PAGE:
In August she reached quarterfinals at Rogers Cup, where she lost to the world No. 1 and eventual winner Serena Williams in straight sets.[8] After this tournament she reached her career-high 33-rd position in the WTA ranking.[9] In Cincinnati she reached the third round, after defeating Julia Görges and Alizé Cornet. She lost to the eventual winner Victoria Azarenka. She withdrawn from the tournament in New Haven due to back injury.[10] At US Open she lost in the first round to Patricia Mayr-Achleitner.[11]

2014

She started the new season with a first round loss against Sabine Lisicki in Brisbane. In Hobart she was again defeated in the first round by Monica Niculescu. At Australian Open won her first round match against Andrea Petkovic, but in the second round she lost to Kurumi Nara. Then she went to Paris where she lost to Alizé Cornet 6–3 5–7 6–2. At Doha she beat Francesca Schiavone 7–5 4–6 7–6 before losing to top seed Li Na 6–1 5–7 6–2. She received a bye in the first round of Indian Wells and beat Shelby Rogers in the second round, but the she lost to Jelena Janković in straight sets. She reached the quarterfinals at Monterrey by beating Olga Govortsova and Ayumi Morita before losing to Ana Ivanovic 6–1 0–6 6–2. Then in Katowice she made the quarterfinals by beating Claire Feuerstein and Sílvia Soler Espinosa but then lost to Carla Suárez Navarro 6–2 6–3. In Madrid she beat Annika Beck the she lost to Lucie Šafářová. In the first round at the French Open she beat Urszula Radwańska 4–6 6–4 3–0 (retired) before losing to María-Teresa Torró-Flor 6–2 2–6 6–2.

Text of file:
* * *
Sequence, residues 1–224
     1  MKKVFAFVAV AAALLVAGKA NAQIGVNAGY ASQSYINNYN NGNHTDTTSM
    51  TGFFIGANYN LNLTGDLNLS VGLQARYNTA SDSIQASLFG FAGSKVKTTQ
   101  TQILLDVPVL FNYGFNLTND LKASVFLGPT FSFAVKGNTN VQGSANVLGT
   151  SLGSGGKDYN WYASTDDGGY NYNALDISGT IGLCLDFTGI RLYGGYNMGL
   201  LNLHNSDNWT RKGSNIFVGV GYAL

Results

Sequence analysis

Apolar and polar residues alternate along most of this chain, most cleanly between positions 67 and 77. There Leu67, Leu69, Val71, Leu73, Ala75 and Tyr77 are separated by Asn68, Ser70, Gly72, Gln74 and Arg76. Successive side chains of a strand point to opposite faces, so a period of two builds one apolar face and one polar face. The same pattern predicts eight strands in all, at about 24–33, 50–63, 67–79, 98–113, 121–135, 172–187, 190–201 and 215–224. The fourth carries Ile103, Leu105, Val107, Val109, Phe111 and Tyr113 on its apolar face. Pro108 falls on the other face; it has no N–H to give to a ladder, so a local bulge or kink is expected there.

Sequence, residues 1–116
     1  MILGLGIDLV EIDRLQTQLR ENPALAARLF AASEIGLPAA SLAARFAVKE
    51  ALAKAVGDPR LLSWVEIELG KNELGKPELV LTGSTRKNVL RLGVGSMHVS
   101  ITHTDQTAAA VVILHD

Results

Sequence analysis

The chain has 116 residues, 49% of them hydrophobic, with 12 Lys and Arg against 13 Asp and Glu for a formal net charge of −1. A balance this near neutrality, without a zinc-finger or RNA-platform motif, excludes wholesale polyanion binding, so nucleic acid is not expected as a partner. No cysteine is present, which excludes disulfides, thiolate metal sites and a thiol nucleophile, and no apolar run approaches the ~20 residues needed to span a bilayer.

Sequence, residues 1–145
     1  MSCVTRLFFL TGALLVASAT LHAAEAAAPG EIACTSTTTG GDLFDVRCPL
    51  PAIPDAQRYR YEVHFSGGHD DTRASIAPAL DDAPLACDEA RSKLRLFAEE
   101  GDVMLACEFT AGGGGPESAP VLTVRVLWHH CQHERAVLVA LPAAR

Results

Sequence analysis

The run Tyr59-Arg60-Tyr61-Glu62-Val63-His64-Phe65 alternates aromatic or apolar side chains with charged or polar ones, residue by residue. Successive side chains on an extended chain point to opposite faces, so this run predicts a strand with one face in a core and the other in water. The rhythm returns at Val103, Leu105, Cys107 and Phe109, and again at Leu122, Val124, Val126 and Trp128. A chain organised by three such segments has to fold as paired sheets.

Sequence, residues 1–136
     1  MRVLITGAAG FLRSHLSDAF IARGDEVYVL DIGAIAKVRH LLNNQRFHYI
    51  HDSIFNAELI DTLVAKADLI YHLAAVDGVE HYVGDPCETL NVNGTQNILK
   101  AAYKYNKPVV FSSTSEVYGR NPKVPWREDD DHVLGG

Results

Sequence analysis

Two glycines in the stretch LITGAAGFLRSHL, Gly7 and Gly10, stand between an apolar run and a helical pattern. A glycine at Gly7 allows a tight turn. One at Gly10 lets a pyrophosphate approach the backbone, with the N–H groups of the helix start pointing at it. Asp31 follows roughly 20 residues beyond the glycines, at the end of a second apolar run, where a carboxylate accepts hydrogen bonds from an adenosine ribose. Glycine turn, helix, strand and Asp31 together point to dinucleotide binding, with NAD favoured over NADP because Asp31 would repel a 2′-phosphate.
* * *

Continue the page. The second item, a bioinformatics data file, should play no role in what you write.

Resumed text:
In Birmingham she received a first round bye but then lost to Petra Kvitová 6–4 6–2 in the final. She fell in the first round at the US Open to Caroline Wozniacki when she was 6–1 3–6 2–0 down and she had to retire due to a hip injury. She retired in the quarterfinal at Seoul against Christina Mchale and in the second round at Linz against Karin Knapp due to the same injury.